Rent really is too damn high, and here’s your proof! say city residents in nearly every borough

Getting a good deal on rent in this city isn’t just about whom you know, but where you are willing to move.

Rents vary widely from neighborhood to neighborhood, and everyone – from the richest bankers to the poorest working stiff – seems to find some place he can afford.

But if there is one thing that is universal, it’s that pretty much everyone complains it costs too much.

“The rent around here is ridiculous. It’s out of control,” said Allison George, who pays $900 for a one-bedroom flat in Flatbush, Brooklyn, where rents are slightly below the city’s median price as determined by census data.

“One bedroom used to cost $300; now it’s $900. The landlords don’t make any repairs. They ask for Manhattan prices and give you a ghetto treatment,” she said.

Naturally, Manhattan tops the scales with the most expensive neighborhoods in New York – the priciest being Greenwich Village, where median rents clock in at a towering $2,000.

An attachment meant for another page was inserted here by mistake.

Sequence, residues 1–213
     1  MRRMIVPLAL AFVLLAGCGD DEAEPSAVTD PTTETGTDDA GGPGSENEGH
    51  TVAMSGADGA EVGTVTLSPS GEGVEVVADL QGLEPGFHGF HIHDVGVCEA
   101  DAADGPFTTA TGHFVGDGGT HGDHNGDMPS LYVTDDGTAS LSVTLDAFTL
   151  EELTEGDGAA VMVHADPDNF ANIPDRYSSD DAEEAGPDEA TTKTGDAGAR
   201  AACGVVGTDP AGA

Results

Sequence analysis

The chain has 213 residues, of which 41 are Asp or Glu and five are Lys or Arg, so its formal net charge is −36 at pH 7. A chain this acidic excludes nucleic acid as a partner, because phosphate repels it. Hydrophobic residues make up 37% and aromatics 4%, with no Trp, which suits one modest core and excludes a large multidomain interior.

The least expensive borough is the Bronx, with the cheapest rents found in Hunts Point, where the median price is just $600 a month.

With New York being the greatest city on Earth, choosing a place to live isn’t always just about money.

“Price is always going to be No. 1, but people are always willing to spend more to be close to the heart of it all,” said Alicia Schwartz, director of

“The psychology for a lot of people is to be in Manhattan or hipper parts of Brooklyn. People will live out in Queens, but they’ve got different priorities. It’s been this way for a long time.”

With prices spiraling ever higher, those who lock into a good deal typically stick with it for as long as possible.

“I feel like I can’t afford to move because I could never afford anything else,” said Melinda Holm, a Greenwich Village filmmaker who pays well below the going rate for her rent-stabilized studio. “Soon it’ll be just me and a bunch of financiers and bankers.”

Even in neighborhoods like Bushwick, where the rent is below average, change comes fast.

“I pay $1,106 with my wife for a one-bedroom. It’s crazy, but it’s a place to live,” said Earnest Shambley, a 50-year-old retiree who moved to Bushwick four years ago. “The rent is too damn high. You’ve seen that guy? It’s true.”


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